SAINT-QUENTIN-EN-YVELINES, France – Jim Furyk has been around the Ryder Cup enough, he knows the winning captain is going to get hailed and the losing captain is going to get condemned.
“I realize as a leader of this team and as a captain, the brunt of it is going to be on my plate and I accepted that when I took this role,” Furyk said Sunday at Le Golf National after his U.S. team lost for the sixth consecutive time on foreign soil, this time 17 ½ to 10 ½.
Furyk split up Jordan Spieth and Patrick Reed. He put Reed with Tiger Woods and Spieth with Justin Thomas. Furyk thought he took one dynamic duo, split them up and formed two dynamic duos. Only Thomas and Spieth performed well. Dustin Johnson and Brooks Koepka gelled well together, but only played together once, and lost.
His captain’s picks seemed obvious at the time. How do you leave Tiger Woods, Phil Mickelson, Bryson DeChambeau and Tony Finau off the team? But they combined to tally a 2-10 record, and Finau won both the points.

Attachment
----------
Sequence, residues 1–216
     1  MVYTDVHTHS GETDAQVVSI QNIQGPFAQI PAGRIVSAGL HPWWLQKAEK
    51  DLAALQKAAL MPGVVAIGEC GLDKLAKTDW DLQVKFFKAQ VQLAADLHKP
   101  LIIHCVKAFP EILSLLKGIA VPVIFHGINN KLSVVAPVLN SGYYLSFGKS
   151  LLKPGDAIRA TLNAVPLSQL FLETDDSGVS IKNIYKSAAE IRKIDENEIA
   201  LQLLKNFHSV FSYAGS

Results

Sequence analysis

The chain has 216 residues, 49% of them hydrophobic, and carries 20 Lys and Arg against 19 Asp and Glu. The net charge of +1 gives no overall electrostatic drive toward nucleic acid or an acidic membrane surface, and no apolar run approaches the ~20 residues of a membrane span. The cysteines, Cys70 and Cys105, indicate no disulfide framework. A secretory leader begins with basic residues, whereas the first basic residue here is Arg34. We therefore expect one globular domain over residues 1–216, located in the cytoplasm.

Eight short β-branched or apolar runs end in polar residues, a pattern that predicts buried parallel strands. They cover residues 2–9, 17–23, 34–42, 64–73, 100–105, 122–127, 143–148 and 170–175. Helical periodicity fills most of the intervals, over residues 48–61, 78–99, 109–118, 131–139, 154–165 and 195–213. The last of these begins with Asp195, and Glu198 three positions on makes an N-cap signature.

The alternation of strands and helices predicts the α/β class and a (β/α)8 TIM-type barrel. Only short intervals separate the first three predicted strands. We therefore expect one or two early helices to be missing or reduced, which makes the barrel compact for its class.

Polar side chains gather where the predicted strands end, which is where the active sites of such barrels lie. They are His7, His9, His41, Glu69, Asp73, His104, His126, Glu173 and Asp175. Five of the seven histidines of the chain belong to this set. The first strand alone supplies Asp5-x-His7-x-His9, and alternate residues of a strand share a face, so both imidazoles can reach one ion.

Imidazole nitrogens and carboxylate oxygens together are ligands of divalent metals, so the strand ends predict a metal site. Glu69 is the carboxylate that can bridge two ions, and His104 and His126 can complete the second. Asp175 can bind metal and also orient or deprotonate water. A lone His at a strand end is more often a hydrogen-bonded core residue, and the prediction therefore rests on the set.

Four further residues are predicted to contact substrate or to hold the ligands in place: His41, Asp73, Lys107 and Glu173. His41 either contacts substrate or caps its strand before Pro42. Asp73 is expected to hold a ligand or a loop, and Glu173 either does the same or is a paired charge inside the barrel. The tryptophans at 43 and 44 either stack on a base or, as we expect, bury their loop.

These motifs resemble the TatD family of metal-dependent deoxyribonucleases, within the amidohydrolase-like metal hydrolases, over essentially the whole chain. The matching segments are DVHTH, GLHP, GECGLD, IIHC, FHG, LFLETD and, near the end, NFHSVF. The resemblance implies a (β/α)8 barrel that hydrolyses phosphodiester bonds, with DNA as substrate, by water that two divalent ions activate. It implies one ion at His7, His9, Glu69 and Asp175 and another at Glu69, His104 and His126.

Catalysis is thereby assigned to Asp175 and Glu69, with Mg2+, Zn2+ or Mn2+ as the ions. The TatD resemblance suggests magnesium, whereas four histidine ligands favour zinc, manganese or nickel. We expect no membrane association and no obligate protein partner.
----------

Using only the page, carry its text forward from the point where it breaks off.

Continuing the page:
The list goes on.
No matter the second guessing by others, Furyk – who played on nine Ryder Cups and collected a career 10-20-4 record – didn’t seem like he was going to do that to himself. Sure, he will give input to the Ryder Cup committee in hopes of strengthening the process for the 2020 Ryder Cup at Whistling Straits, but as for his team, he had no regrets.
“I’m going to say it over and over and over again – I have every confidence in these 12 players. I think we have a great team,” he said. “I would take them right back into another Ryder Cup and play it all over again if I could. You can call me crazy, but I have every belief that these guys could get it done. I still do and I still would again.”